Sep 19, 2022
In Part 1, we mentioned that a cartilage injury of the knee is one that has historically lacked treatment options. Due to the lack of capacity for self-repair, many cartilage injuries may go on to require surgical treatment; however, there are numerous factors affecting the potential for a successful outcome.
One of these factors is age. Many studies indicate that with pediatric and adolescent patients the results of procedures like Osteochondral Allograft Transplantation are incredibly successful. Everything from the graft survivorship rate, salvage surgery success rate, post-op knee rating, and satisfaction scores are all off the charts (88-90% rate). When it comes to younger athletes, the duration of the treatment and the time to full recovery are essential.
The lesion size, location, as well as presence of underlying bone loss are also important aspects to consider when selecting the optimal surgical treatment. According to Dr. Nuelle, the presence of absence of underlying subchondral bone, necessary to support grafts such as MACI, is crucial when it comes to determining the correct graft to use. Here, the guest speaker also talks about an effective (albeit less known) treatment method known as the sandwich technique (where two grafts are used on top of each other).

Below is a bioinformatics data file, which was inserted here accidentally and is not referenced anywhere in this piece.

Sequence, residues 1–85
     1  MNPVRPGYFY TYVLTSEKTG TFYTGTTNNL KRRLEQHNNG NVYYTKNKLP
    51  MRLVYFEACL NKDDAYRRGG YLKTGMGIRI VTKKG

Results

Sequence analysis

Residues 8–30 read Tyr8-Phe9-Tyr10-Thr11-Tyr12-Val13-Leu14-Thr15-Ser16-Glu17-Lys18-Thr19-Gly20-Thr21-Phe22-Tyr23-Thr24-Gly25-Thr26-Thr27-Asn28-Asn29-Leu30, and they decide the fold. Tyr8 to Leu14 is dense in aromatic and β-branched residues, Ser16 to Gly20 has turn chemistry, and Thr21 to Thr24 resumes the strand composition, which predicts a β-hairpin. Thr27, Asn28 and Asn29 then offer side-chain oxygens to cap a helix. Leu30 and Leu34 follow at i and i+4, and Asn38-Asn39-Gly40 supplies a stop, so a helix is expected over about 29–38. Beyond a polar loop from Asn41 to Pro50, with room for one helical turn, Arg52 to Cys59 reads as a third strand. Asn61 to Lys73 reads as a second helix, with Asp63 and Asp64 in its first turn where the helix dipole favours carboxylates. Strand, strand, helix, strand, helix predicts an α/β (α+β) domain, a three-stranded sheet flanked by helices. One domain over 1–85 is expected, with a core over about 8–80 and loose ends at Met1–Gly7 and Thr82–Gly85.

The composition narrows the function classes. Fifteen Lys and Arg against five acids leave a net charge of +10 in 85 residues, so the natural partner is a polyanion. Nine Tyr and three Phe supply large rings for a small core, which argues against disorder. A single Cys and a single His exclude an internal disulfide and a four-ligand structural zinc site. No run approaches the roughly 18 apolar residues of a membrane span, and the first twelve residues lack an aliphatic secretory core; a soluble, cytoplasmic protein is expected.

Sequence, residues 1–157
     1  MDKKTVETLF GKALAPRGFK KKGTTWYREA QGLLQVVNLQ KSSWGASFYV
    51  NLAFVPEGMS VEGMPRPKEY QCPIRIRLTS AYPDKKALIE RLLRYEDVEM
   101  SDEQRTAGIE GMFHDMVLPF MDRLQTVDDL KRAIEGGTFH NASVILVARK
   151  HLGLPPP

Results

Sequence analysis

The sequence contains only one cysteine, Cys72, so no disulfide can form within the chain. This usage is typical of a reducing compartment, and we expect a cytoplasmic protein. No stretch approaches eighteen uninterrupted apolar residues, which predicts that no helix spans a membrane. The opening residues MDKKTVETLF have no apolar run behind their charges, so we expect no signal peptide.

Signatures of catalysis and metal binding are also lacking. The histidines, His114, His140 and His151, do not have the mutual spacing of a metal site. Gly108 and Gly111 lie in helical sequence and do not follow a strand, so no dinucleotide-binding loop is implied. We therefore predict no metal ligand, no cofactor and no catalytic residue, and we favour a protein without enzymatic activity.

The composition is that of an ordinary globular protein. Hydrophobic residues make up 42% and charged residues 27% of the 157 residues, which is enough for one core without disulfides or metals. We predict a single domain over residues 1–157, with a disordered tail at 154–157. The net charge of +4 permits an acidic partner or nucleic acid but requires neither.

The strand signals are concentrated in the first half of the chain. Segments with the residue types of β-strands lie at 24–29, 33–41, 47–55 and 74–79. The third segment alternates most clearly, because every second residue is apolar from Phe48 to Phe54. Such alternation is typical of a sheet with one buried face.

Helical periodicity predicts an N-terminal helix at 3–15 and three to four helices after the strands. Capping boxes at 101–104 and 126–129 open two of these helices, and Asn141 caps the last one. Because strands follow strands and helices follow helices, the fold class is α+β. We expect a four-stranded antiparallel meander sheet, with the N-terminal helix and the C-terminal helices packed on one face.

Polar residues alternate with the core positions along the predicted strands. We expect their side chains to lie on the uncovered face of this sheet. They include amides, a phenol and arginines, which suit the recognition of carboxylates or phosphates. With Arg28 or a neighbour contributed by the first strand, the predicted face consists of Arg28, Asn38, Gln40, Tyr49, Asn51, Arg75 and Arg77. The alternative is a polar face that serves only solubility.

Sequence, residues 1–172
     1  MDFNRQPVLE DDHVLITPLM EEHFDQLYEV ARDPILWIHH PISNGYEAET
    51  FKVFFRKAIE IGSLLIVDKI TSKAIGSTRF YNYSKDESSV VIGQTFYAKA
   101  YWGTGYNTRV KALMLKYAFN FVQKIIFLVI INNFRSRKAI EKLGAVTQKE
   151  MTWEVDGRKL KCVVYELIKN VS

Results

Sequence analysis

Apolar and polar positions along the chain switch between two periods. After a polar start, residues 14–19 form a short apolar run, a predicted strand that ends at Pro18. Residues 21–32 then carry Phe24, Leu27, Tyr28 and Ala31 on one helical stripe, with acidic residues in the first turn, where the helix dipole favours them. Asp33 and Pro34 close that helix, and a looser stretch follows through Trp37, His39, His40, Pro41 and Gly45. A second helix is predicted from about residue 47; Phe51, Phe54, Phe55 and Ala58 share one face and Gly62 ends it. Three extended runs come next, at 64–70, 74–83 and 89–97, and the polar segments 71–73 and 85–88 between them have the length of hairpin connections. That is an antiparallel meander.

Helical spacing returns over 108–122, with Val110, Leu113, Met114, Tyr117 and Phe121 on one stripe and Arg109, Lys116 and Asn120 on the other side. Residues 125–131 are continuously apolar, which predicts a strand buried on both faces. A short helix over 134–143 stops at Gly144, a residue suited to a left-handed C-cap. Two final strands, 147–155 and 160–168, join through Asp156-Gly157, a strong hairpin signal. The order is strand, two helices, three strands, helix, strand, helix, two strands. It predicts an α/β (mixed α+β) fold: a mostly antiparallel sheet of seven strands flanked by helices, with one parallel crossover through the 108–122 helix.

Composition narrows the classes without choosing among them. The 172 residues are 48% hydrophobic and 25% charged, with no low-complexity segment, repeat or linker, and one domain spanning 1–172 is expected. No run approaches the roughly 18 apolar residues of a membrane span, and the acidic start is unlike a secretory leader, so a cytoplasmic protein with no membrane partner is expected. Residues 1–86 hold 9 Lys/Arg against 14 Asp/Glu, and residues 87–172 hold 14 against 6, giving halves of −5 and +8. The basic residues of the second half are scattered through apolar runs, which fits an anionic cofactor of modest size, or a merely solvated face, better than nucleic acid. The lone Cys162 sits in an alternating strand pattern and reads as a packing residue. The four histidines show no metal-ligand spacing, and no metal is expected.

In today’s episode, OINJ’s Dr. Ashley Bassett and her Sports Docs co-host Dr. Catherine Logan, along with a special guest, Dr. Clayton Nuelle, tackle all of these issues and more.
How to treat knee pain? Is surgery necessary, and what else can you do to improve your condition? Here’s what you need to know!Read more